Saturday 18 April 2015

The man from Apple, He say YES!

This morning..

I write this with the sun beaming through the office window, more than a little tired from having very little sleep last night as I Tweeted to the world and generally shouted from the rooftops a very exciting piece of news.

ROO! IS ON THE APP STORE!!/id982853485?ls=1&mt=8

This is very exciting news for several reasons. 

Firstly, We're on the App store for iPhone and the iPad, the most difficult store to get into with the highest barrier to entry; Firstly there's a hardware requirement, then the build and certification process was intensive and then it's followed by a 2 week period of uncertainty where we wait for Apple to review ROO! where it could be rejected for any reason. Thankfully it sailed through first time. I put this down the the sheer amount of work we put into it beforehand. ROO Might be a simple game, but a lot of attention has gone into it.
Everything from the screen sizing, object placement and controls have been tweaked and polished to make sure ROO is the most fun it could possibly be.

Secondly, ROO! is not written using Objective C, It's using C# and Mono; all made possible by Xamarin. They truly have achieved the holy grail of software development - a tool which allows for realistic "Write Once, Deploy anywhere".

ROO was a test case for us; make a responsive and fun game which can be enjoyed by anyone, make it as efficiently as possible and release it onto Google Play and the App store.

I say efficient because as a small Indie developer, we have very limited resources. Time is just as expensive a resource as money so we really could not afford to spend time porting or re-writing ROO! for each platform.

Having the shared code project with a project for each build target has been amazing. It allowed us to focus on the core of the game and worry about the platform specifics later.
Coupled with Xamarin's debugging tools and simulators, we were able to test on Windows, Android and iOS with ease. Even connecting an OUYA or a phone was easy; We were able to deploy, debug and get on with the more interesting parts of development - writing the code to make the game.

Responsive and Fun

When I say ROO is responsive and fun, they are not my words. This is what I've picked up from the many people who I've spoken to about the game. Our goal was to make it Fun and as I stated in a previous blog post covering the development of ROO!, responsiveness would be key to achieving this. A game lives or dies on how well it controls. The developers of Super Meatboy focussed intensely on getting the "Feel" of the controls just right. It worked out well for them.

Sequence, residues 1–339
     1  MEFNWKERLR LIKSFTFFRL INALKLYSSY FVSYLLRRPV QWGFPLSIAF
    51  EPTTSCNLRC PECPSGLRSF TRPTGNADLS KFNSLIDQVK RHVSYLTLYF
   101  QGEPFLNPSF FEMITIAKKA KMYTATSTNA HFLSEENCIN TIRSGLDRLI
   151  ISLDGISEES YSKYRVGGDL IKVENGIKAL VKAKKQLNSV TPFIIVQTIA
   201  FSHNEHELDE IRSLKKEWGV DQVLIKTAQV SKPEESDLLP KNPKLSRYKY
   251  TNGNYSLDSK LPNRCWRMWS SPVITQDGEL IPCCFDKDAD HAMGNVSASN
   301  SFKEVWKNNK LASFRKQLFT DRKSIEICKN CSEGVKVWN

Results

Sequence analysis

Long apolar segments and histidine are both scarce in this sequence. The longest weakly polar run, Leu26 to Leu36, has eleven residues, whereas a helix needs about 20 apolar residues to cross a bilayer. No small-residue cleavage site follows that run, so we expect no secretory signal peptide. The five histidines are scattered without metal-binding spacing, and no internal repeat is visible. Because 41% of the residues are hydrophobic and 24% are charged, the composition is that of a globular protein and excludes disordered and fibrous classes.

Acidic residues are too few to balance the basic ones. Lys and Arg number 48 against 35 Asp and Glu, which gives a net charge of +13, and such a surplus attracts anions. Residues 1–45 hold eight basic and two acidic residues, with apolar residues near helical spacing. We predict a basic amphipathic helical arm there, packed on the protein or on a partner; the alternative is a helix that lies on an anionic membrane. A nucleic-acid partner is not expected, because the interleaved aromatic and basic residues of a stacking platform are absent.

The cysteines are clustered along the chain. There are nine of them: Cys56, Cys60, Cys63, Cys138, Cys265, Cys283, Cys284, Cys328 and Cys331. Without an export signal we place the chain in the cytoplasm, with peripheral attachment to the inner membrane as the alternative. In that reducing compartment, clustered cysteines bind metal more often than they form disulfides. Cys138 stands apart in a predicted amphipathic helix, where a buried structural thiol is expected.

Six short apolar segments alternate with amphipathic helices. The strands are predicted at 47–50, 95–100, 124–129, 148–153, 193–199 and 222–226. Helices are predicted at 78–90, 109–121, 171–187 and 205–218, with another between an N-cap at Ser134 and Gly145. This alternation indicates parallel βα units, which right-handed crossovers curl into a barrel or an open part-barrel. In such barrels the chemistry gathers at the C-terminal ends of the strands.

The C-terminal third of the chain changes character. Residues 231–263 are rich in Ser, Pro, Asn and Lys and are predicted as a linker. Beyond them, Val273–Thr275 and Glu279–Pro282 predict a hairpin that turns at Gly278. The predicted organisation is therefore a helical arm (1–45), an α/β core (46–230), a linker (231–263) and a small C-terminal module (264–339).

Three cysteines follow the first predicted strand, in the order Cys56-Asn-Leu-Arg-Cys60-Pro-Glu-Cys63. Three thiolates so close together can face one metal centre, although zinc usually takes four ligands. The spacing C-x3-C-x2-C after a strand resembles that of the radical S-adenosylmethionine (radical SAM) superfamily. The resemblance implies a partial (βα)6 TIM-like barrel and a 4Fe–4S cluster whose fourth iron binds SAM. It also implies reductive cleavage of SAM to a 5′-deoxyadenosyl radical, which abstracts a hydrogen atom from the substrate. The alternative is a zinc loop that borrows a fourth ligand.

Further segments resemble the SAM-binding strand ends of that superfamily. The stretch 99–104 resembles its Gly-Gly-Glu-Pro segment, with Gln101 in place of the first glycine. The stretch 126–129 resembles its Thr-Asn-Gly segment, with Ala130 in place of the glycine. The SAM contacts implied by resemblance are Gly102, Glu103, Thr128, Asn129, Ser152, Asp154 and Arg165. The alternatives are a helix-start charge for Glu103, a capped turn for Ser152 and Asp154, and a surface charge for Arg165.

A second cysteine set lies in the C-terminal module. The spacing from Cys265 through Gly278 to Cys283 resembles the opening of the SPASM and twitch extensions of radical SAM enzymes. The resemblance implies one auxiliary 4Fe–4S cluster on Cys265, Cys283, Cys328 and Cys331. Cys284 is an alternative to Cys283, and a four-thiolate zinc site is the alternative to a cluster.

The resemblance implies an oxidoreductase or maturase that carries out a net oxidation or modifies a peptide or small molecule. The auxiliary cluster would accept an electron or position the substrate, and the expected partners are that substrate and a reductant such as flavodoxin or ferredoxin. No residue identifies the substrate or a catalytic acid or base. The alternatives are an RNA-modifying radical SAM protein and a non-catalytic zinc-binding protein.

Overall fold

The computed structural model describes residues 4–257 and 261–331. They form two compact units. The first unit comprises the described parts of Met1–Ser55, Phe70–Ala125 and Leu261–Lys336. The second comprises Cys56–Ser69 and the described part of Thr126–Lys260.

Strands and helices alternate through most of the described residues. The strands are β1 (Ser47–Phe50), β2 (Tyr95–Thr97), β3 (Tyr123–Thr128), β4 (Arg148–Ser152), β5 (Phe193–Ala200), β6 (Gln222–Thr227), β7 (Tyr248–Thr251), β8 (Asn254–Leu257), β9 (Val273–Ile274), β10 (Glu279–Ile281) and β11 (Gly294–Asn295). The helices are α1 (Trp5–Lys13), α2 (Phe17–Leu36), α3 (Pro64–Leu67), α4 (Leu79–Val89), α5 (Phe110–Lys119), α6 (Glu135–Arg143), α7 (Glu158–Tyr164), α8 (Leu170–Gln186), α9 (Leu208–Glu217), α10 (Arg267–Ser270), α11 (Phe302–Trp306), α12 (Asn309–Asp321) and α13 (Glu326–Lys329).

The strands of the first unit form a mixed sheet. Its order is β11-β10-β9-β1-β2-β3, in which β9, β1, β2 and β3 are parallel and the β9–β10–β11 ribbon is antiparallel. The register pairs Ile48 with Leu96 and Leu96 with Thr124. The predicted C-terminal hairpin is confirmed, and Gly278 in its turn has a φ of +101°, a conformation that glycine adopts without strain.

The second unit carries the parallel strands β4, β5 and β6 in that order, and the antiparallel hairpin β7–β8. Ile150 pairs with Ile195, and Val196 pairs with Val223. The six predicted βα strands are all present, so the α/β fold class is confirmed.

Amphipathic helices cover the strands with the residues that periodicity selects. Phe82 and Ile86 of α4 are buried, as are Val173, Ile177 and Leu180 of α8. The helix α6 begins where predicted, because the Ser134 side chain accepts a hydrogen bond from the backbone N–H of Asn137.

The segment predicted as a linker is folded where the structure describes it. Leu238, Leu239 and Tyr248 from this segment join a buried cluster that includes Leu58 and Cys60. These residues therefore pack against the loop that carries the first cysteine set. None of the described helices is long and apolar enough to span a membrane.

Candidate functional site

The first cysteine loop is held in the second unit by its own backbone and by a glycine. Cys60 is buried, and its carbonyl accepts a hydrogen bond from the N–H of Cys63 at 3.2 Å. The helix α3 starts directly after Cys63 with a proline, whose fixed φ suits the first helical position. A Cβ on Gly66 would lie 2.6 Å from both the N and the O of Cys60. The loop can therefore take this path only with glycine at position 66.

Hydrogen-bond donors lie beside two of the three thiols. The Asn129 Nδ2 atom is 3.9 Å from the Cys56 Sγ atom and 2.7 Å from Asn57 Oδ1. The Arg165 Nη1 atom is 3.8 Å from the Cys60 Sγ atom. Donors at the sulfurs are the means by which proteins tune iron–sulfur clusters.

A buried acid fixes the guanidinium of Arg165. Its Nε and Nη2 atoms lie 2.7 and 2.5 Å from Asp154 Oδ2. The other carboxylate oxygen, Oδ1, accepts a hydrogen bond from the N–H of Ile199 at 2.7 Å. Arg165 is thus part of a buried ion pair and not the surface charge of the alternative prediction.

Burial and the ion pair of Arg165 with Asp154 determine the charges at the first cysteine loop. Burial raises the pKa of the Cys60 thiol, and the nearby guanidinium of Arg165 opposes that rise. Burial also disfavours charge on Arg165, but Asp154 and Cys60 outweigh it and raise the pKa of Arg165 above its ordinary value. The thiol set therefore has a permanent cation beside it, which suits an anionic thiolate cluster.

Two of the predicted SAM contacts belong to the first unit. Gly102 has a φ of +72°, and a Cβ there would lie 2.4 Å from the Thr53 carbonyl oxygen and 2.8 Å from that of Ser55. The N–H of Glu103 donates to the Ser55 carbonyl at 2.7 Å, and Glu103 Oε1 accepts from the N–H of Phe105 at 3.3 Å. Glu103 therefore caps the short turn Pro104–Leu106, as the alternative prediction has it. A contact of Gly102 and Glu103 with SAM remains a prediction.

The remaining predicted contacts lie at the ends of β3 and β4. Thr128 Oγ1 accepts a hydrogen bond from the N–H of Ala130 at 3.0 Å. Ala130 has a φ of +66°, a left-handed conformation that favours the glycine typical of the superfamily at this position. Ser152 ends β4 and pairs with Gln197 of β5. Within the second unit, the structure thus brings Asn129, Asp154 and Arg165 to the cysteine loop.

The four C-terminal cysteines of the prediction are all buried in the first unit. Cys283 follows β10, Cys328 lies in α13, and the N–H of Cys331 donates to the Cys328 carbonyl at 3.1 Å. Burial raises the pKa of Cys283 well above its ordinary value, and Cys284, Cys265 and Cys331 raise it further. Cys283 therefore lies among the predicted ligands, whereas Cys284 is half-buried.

There have been games I've played throughout my life which look amazing from screenshots and then disappoint when it comes to the gameplay because of a lack of responsiveness. Typically older games with limited hardware - (but not always), but there have been a couple on the OUYA which prevented me from purchasing them.

What do I mean by this? Well, when you press the screen or the controller button on ROO! He jumps immediately. There is no lag, no delay.

We made ROO's agency the most important thing in his universe. He has a mission, to save little Timmy and nothing apart from his own lack of ability will stop him.

The trick to this we employed was to make the inner game loop as quick as possible and to collect user input first of all before any other processing. This meant that in the fraction of a second between game updates, controller inputs could be queued and acted upon immediately when the update happens - affecting the game processing which followed it. Keeping the inner loop fast meant that it didn't miss frames so ROO was always responsive on every frame update.

No Distractions.

We wanted the player to become ROO and zone out of the real world into an almost Zen-like state, so this meant reducing the distractions. This is why there are no collectables or monsters to avoid in ROO! It's all about the run. Don't get me wrong, the temptation was certainly there to add them but thankfully we resisted to keep the gamplay as pure as possible. There are a finite number of shapes to learn to avoid and a pattern to get into and once you've mastered those, the only thing stopping you from getting a great high score is well.. erm.. You..

The levels are random but you can really focus and get in the zone. Occasionally you will fall down a hole, hit a rock or faceplant a cactus, but you get another chance for every perfect landing you make.

The perfect landing and recovery mechanic was added in the second half of development after players became frustrated with their good run being cut short by a single mistake.

The perfect landings were in there from the beginning but they were effectively used to get achievements. By hooking them to the recovery system, the player was actively rewarded for good play and could use these later on to get even higher scores to beat their friends. You see, every life in ROO is earned.

ROO starts the game with only a single chance. As he gets perfect landings, he earns extra chances. They're not strictly lives as ROO doesn't technically ever die. He may fall or trip, but he bounces back.

So what's next?

Well, we've still got Windows Phone and Windows Store to go, it's delayed partly because of the extra development we needed to support an achievement system on the platform. As soon as this is complete, we'll be getting it to Windows phones.

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